As surprising as it might be to hear, there are still a great many among us that continue to deny climate change and its correlation to the ever worsening and frequency of storms and other natural disasters. Whether you choose to believe it’s related to human activity or not is inconsequential – it simply can’t be argued that every time you turn on the news you come face to face with a sobering story of yet another region being ravaged by a powerful hurricane or debilitating drought.
Unfortunately, these disasters do little to persuade authorities to adequately prepare for the inconceivable. In 2015 alone, nearly 23,000 people died from earthquakes, heatwaves, floods, and landslides. Couple that with $65 billion in subsequent repairs to homes and infrastructure and you’d think the international community might be willing to spend more than half a percent of their annual global aid budget on proactively reducing the danger such events pose.
Frighteningly, these events tend to lead to others, and their added frequency means that more and more people are at risk. For example, a particularly powerful hurricane could lead to a period of flooding which can further decimate crops, destroy homes, and spread disease.
The Greatest Threat to Human Survival in an Emergency: Lack of Clean Water
When contemplating a natural disaster, it’s easy to understand that a person’s thoughts don’t often go to the aftermath, but the fact of the matter is that people are just as likely to be at risk if vital services, like those provided by a municipal wastewater treatment facility, become interrupted for long periods of time.
Humans can only survive for 3 days or so without drinking water. Natural disasters can very easily disrupt a region’s supply by either incapacitating a treatment facility or making it impossible for bottled water to be delivered. Seventy-two hours is a very narrow window indeed to normalize this life-giving service, making it all the more important that there are plans in place in anticipation of a disaster.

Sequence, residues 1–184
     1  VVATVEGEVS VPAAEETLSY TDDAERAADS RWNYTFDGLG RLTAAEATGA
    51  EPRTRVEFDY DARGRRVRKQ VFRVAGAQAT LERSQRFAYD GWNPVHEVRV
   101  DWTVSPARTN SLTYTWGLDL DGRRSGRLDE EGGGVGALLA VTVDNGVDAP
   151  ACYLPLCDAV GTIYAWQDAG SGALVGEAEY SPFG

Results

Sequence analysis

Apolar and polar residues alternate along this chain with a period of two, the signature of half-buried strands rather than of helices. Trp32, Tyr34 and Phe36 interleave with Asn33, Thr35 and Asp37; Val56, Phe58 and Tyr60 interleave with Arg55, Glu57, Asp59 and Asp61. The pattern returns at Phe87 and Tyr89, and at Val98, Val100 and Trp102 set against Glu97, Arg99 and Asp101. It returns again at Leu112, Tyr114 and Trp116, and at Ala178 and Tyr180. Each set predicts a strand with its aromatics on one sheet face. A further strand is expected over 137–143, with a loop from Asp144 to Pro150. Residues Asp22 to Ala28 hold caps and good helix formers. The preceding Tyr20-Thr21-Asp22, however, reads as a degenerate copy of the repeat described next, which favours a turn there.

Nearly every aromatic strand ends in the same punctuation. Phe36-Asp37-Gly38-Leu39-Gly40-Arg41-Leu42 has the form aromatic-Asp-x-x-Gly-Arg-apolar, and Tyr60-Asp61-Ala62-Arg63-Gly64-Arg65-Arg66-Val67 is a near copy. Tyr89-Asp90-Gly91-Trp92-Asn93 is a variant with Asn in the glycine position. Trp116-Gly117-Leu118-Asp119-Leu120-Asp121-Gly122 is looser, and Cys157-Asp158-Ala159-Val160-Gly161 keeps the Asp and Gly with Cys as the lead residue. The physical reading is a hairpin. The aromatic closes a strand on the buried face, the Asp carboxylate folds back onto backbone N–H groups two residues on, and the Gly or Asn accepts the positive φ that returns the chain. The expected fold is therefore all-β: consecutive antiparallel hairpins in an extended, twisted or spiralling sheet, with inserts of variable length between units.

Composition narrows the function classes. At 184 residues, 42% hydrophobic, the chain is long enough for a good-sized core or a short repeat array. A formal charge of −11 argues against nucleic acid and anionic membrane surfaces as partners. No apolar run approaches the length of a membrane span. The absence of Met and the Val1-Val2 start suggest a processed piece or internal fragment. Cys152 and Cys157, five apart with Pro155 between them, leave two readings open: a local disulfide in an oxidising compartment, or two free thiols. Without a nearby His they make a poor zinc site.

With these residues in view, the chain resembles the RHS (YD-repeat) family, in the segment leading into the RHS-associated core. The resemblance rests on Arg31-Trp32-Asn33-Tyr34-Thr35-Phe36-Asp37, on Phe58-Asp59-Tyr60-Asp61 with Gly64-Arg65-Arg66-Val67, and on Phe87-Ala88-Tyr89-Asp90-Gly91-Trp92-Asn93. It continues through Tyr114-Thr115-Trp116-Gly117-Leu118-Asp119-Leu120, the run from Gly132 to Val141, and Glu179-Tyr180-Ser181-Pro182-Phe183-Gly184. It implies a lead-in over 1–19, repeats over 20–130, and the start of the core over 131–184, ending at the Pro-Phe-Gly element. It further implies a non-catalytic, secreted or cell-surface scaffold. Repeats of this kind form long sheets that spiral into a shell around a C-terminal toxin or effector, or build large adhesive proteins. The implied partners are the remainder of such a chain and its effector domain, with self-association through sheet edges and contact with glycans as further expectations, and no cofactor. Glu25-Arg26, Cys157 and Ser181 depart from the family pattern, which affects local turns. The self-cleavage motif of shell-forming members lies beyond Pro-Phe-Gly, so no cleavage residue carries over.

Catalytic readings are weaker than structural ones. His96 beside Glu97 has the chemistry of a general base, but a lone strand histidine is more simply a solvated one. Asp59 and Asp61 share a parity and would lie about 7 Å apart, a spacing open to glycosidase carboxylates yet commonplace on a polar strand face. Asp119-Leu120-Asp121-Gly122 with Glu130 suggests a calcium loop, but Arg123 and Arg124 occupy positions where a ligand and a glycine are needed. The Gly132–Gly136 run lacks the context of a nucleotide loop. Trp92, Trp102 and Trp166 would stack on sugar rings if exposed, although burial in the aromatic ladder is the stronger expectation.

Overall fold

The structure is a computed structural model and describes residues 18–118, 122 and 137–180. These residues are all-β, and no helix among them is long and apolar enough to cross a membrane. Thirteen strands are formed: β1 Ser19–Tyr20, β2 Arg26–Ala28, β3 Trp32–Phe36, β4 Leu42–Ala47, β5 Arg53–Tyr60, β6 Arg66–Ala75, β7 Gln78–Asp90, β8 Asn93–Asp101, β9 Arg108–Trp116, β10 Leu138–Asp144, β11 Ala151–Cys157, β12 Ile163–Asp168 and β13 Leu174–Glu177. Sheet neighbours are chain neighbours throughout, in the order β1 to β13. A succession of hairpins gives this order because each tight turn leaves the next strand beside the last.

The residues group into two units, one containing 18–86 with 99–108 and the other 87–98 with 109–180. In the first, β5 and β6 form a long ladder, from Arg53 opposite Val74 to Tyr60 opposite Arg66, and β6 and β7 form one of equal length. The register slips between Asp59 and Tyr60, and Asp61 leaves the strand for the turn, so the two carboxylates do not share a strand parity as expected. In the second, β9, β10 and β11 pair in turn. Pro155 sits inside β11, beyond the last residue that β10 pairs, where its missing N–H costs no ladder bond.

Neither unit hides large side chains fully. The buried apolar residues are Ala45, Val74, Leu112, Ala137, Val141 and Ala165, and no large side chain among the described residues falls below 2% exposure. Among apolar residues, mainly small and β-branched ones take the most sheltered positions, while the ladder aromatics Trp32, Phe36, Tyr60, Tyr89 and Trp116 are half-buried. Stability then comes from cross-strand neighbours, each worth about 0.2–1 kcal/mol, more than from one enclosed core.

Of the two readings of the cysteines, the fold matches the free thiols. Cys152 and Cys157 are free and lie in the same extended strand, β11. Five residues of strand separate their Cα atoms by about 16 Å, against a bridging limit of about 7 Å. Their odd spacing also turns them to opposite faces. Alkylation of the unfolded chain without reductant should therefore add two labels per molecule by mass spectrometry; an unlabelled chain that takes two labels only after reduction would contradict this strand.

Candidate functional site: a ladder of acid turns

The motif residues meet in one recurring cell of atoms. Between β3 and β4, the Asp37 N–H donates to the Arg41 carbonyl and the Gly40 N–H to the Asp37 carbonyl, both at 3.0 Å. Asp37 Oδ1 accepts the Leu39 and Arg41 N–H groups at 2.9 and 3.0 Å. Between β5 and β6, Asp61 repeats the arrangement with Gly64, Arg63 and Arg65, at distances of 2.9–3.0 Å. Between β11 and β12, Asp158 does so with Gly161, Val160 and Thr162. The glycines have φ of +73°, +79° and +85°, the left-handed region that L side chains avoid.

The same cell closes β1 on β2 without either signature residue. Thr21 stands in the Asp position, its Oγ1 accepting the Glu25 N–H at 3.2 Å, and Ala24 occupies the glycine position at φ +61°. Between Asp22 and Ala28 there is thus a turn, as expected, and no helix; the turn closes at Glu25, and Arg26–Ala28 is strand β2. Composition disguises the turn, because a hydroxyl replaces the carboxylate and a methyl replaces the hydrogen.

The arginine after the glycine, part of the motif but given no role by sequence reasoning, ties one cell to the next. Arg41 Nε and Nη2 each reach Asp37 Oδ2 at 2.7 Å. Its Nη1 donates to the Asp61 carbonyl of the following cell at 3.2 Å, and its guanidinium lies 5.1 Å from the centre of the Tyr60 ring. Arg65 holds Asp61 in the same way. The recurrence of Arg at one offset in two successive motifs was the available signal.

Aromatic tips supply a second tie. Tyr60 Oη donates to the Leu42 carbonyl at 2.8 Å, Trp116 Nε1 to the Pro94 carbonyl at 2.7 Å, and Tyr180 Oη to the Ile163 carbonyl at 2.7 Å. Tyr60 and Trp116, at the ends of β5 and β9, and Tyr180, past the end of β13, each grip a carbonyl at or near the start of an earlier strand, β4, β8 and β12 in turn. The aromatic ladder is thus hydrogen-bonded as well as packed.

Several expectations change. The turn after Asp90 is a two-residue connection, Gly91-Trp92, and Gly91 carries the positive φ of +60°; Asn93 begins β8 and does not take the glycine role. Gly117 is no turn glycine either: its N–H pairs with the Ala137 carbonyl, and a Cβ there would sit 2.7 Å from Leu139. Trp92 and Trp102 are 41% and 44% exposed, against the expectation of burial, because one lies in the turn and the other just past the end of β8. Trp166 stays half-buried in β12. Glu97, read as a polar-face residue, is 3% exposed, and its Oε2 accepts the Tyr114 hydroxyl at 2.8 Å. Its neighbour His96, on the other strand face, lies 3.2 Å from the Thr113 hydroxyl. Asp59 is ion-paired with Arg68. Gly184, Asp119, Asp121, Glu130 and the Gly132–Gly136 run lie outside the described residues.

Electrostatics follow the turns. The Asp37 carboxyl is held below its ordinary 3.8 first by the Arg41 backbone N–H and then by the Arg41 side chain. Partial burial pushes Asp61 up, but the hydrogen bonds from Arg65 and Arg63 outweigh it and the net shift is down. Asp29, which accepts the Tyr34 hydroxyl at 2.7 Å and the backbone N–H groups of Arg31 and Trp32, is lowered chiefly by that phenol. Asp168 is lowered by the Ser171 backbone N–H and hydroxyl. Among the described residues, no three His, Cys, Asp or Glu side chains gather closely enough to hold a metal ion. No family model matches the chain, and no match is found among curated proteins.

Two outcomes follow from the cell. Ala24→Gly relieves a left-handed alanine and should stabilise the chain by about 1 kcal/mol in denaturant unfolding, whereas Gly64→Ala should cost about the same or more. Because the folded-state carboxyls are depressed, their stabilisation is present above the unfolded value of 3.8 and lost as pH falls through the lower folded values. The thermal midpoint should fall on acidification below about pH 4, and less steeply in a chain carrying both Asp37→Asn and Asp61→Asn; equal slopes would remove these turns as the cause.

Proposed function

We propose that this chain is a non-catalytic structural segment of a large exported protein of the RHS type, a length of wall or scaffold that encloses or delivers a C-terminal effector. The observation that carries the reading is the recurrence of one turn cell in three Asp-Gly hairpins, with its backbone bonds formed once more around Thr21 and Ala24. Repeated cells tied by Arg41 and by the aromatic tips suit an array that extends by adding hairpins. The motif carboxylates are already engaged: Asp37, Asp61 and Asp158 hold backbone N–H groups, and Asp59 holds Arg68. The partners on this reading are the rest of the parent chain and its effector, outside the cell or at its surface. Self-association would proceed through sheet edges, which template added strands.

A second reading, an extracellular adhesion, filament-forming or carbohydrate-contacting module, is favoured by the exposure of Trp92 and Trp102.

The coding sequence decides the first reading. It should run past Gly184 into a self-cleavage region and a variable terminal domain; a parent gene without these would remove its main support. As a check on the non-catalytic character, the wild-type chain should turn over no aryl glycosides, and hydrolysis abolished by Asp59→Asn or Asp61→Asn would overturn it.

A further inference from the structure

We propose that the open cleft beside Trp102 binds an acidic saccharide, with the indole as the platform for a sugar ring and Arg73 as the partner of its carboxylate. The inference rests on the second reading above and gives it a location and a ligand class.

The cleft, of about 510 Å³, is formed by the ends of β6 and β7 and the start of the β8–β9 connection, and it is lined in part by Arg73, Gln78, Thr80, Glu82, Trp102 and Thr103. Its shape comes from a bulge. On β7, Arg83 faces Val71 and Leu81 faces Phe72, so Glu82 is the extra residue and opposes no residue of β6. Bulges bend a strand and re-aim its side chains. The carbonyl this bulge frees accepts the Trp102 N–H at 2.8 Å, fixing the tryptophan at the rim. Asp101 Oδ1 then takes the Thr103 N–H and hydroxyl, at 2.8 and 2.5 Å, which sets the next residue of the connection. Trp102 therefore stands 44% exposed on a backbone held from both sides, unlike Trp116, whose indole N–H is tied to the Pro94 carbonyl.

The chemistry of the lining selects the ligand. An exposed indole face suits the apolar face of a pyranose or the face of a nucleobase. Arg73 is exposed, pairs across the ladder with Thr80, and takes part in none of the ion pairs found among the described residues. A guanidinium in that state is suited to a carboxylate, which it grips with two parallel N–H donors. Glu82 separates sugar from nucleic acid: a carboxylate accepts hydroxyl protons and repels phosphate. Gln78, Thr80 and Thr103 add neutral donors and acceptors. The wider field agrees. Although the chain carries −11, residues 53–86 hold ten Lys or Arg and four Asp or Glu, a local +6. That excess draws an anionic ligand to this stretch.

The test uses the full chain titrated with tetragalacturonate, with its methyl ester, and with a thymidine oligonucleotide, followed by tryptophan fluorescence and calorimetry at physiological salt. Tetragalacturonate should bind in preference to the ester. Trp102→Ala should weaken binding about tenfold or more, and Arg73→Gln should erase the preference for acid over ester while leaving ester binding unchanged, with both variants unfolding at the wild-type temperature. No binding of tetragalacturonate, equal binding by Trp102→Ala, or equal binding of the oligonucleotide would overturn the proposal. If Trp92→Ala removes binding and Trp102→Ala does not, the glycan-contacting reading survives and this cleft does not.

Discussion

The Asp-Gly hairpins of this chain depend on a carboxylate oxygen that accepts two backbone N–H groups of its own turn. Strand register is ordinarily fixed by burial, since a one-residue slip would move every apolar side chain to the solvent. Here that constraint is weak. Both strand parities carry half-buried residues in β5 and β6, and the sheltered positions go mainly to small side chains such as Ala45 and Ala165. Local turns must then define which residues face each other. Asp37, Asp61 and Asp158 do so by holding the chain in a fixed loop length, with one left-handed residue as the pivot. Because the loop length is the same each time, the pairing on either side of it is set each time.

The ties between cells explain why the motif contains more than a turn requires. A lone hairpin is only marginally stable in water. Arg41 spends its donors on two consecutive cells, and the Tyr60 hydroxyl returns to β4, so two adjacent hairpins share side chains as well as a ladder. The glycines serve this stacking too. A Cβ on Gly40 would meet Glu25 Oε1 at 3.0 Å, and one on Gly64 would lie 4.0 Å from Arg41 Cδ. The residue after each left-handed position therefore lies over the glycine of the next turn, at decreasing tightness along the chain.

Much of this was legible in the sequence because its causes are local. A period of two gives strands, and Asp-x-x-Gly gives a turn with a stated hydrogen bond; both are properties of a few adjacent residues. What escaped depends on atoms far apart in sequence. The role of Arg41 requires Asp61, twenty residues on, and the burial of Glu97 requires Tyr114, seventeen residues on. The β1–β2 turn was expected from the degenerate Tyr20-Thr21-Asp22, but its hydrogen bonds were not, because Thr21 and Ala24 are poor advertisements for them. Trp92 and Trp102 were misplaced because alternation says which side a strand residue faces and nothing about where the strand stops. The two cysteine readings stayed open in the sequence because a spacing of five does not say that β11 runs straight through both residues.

Lack of a viable water system also makes it near impossible to dispose of human waste in a safe manner, leading to the proliferation of disease. This can further exacerbate an already dire situation.
Preparedness Starts in the Home
Even if you live in a relatively stable area, it might not always be the case. Having an ample supply of water in your home is an easy way to somewhat lessen the impact of a natural disaster on your family. While keeping a week’s supply (or more) of water on hand is good start, there’s a lot more you can learn from your local water treatment professionals.
Understand the Potential Risks in Your Area
If you speak to your local water treatment company, they should have a pretty good idea of what some of the more prevalent risks your region faces. If you ask, most if not all will have completed a risk assessment and have strategized contingency plans for a number of different scenarios that could disrupt water service in your area. Remember that in an emergency, getting information from a water company might be difficult, so it’s best to inquire as to the best course of action ahead of time.
During a Disaster, Don’t Assume Tap Water is Safe to Drink
A disaster could incapacitate any number of services or equipment that ensures the water that comes out of your tap is safe to consume. Though it might look clean, the water coming out of your tap could be severely contaminated. It’s always best to be on the side of caution, which is why it’s best to have a supply of clean water on hand, or know how to treat it yourself.
Know How to Treat Suspect Water
Storing a week’s worth of water for each family member in your home is a good start, but it might not be enough. With that being said, it’d be worth your while to know how to treat water that you believe might not be safe to drink. Generally speaking, organizations like FEMA and the Red Cross recommend three ways to treat suspect water: you can boil it, chlorinate it, and distill it. If you can’t get the processes from your local water concern, these resources can be found on either agency’s website. Print a copy a keep it in a safe place so you can refer to it when needed.
Natural disasters are not to be trifled with; while there may not be a great deal we can do at the moment to prevent them from occurring, there are steps that we can take to mitigate the dangers that are associated with them, even if it just means that you and your loved ones have enough water to see you through it.